What do you mean by Term 5?
It was very, very important to you to get Oystia to interpret your question mark.
How many times did you ask him? three of four?
You made such a wonderful picture full of pretty bubbles and labels.
Now it is not important at all?
No, the absence of Term5 is still important of course, but it's not the main issue of the 1992 paper (1). Let me better explain. This major paper of F&P is full of errors of many kinds: substantial, conceptual and formal.
In Equation , the lack of a term, that you call Term5, accounting for the enthalpy carried away by the steam bubbles is a conceptual error. It wouldn't have been an error if F&P had limited the application of Equation , and of the other derived equations, to cell conditions far from the boiling point. But, F&P have used Equation , derived from Equation , to draw the curves shown on Figure 7 and to deduce some considerations relative to the boiling timing. This is a nonsense.
Moreover, paper (1) contains several formal errors. The most incredible one is shown on Page 16, the most important of the paper because it contains the energy balance of the boil-off phase, where the first equivalence is dimensional wrong, because of the missing of the time value:
Of course, a typo like this could happen, especially in a paper written in hurry for a congress, in this case the ICCF3 held in October 1992. What is really striking is that the same identical error appeared 7 months later, in May 1993, on the equivalent article published in a peer reviewed scientific journal (2):
But the most serious ones are the substantial errors, those which invalidates the 2 conclusions of the 1992 paper (1). These are the 2 conclusions:
From Page 19 of http://www.lenr-canr.org/acrobat/Fleischmancalorimetra.pdf : [bold and color added]
We note that excess rate of energy production is about four times that of the enthalpy input even for this highly inefficient system; the specific excess rates are broadly speaking in line with those achieved in fast breeder reactors. We also draw attention to some further important features: provided satisfactory electrode materials are used, the reproducibility of the experiments is high; following the boiling to dryness and the open-circuiting of the cells, the cells nevertheless remain at high temperature for prolonged periods of time, Fig 8; furthermore the Kel-F supports of the electrodes at the base of the cells melt so that the local temperature must exceed 300ºC.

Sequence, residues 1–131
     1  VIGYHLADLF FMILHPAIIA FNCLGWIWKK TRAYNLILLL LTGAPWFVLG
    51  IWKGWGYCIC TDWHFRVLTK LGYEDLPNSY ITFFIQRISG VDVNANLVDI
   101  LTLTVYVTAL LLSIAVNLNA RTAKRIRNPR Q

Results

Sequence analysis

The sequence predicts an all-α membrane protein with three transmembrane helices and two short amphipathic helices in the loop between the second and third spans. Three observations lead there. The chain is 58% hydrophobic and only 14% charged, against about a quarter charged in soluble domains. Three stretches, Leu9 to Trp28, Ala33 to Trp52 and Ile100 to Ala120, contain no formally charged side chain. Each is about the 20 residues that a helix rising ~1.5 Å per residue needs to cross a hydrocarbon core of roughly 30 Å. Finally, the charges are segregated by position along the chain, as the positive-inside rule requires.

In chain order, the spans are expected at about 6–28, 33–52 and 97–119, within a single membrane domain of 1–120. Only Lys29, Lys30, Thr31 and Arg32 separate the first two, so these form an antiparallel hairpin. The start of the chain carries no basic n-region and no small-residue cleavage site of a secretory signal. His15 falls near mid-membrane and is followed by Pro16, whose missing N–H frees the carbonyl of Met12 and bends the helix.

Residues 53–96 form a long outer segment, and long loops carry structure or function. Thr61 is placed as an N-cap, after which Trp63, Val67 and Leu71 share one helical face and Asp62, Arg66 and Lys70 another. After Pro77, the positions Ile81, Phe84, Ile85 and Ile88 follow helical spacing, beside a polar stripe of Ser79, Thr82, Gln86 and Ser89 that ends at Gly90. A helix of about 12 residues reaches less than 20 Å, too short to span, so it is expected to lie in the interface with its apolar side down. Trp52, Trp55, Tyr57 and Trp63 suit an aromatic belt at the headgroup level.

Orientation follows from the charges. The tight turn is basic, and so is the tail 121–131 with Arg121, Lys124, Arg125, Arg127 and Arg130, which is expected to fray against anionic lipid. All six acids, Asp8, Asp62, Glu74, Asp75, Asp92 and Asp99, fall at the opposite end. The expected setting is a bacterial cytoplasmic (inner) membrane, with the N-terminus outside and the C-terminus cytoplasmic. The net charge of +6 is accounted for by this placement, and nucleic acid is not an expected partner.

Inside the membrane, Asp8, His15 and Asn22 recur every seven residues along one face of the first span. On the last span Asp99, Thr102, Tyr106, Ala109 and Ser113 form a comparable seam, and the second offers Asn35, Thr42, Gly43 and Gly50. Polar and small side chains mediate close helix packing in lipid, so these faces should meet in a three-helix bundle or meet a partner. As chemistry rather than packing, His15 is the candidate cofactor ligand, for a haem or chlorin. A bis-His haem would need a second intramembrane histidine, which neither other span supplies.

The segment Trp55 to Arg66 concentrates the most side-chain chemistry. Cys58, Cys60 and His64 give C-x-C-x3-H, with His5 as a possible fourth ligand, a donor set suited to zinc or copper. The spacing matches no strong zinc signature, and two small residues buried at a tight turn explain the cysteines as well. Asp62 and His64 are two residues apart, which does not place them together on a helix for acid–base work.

The first conclusion is based on the results of the calculation on Page 16. The about four times energy gain is given by: [(171+11)-37.5]/37.5 = 144.5/37.5 = 3.85. All these values were derived from the assumption that half of the water content of each cell has vaporized during the last 600 s of the boil-off phase. But, as shown by the lab video (3,4), during the last boil-off period the cells were mostly filled by foam and steam bubbles. Moreover the 600 s period has no experimental basis (5).
The second conclusion states that one cell (namely Cell 2) has remained at high temperature for more than 3 hours (as indicated in Fig.8) after the complete dryness of the cell. This conclusion is also wrong, because, as shown by the video (6), Cell 2 dried out more than 2 hours after the time indicated on Fig.8.
Having determined the successive course of the research on Cold Fusion, these two substantial errors are much more important than the other conceptual and formal errors, even if all of them are serious, and would require a clarification from the LENR experts who are going to meet tomorrow at MIT, Boston.